In India, the aravanis (named after the brides of the mythological figure, Aravan) who are a subset of the hijra community, are those who are although biologically male, but adopt a female identity. Aravan finds a mention in the Mahabharata. When the Pandavas wanted to conquer Kurukshetra, they had to sacrifice the ‘perfect’ man, and the unmarried virgin Aravan stepped up to be beheaded. However, he wanted to die as a married man after consummating marriage. None of the kings though, wanted to offer their daughters, who would be widowed the next day. So, Krishna transformed into a woman to fulfill Aravan’s last wish. After making love to the female form of Krishna, Aravan was beheaded.
MADAGASCAR AND SAMOA
The Sakalavas, an ethnic group that constitute to 6.2 per cent of Madagascar’s population bring up certain boys as girls, if they are considered to physically look feminine. Within this group, the Antandroy and Hova tribes, for example, raise their boys as “real women” by braiding their hair, piercing their ears and making them wear jewelery all over their body. They are taught how to converse in a woman’s voice and socially behave like women. In effect, the fact that they are biologically men is completely forgotten.
Similarly in Samoa, Fa’afafine are children who although are biologically male, exhibit feminine characteristics, which the parents recognise early on. Therefore, they are raised as girls. Even though Fa’afafine grow up to be sexually involved with men and women, it is important to note that fa’afafine are not considered to be ‘homosexuals’ – that, is an entirely an Euro-Western construct.
Afghanistan is deeply patriarchal and conservative country which is considered to be one of the worst regions for women. An underground tradition called Bacha posh – which literally translates to a girl “dressed as a boy” – are girls who are brought up secretly by their parents as boys in order to survive in a male-dominated world. This tradition seems to have existed in small pockets since the time Islam took over the country.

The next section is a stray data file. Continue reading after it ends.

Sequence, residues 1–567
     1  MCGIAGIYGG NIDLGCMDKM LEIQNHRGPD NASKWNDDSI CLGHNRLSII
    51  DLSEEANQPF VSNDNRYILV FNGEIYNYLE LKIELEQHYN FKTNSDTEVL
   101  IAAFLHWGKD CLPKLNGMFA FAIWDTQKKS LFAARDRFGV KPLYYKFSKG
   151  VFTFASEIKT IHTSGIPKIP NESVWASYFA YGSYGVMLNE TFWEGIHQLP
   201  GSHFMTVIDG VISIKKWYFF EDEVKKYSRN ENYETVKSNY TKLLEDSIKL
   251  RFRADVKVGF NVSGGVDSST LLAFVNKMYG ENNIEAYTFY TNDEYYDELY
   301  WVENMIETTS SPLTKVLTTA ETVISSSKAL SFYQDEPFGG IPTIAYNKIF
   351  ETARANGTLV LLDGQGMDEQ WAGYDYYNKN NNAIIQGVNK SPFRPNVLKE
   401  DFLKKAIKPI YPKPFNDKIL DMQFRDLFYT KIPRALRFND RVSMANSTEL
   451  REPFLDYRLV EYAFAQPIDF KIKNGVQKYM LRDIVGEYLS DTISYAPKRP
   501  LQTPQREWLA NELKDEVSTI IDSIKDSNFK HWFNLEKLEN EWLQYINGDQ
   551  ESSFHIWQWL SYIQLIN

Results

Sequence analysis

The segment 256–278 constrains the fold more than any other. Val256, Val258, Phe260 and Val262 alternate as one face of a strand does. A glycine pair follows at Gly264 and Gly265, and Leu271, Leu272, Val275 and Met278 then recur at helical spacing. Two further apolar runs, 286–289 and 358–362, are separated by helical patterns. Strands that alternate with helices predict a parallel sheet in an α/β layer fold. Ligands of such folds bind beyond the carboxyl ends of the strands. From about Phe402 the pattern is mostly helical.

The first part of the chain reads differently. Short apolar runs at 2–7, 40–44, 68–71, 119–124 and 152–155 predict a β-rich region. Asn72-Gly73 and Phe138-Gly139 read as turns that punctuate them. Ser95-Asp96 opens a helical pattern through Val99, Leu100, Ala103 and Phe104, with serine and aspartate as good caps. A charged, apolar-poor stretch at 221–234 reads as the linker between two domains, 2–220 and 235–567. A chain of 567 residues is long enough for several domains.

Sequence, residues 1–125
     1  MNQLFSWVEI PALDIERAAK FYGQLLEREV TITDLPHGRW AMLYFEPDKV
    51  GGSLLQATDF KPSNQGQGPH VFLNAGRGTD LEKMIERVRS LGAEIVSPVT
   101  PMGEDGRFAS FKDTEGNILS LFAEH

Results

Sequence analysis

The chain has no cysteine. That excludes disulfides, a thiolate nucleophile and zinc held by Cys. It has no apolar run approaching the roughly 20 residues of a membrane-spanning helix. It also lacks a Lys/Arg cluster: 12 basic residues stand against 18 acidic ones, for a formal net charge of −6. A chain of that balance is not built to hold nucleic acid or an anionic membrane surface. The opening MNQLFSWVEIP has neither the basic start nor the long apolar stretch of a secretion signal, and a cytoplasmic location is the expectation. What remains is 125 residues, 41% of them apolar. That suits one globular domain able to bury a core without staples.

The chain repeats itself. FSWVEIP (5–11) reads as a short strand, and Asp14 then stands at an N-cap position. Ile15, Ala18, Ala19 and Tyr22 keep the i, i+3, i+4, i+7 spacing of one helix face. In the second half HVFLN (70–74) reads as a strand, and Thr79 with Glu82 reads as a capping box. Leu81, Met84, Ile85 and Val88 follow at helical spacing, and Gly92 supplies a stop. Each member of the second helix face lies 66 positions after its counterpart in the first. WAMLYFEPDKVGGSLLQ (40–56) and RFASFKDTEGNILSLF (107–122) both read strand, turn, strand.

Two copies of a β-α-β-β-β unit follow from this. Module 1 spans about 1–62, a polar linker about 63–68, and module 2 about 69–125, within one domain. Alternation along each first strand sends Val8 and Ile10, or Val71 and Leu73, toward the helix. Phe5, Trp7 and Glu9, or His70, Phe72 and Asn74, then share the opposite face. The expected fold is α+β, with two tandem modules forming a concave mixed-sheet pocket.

During the period from the 1200s to 1500s, during the reign of Mamluk period, girls who were considered to behave like boys, were raised as men, and therefore could enjoy all the privileges men could in society.
Regardless of their anatomical identities, the Mahus’ gender identity was not restricted to definitive masculine or feminine. In the Hawaiian indigenous culture, the Mahus were considered to be the vocal mediums for proliferating ancient rituals and were respected as educators. The invasion of the Europeans led to the disintegration of the Mahus, and today they experience extreme discrimination, since their existence contradicts the established and prevailing European gender binaries.
In Thailand, of course, there are the ‘kathoeys’ or ‘katoeys’, who are more commonly known as ladyboys. These are transgender women who are respected in the country. They are not socially discriminated against, in fact, they are respected. Unlike transgenders who often lurk in the shadows in other countries, kathoeys are certainly more visible. A lot of them dance in cabarets and other shows.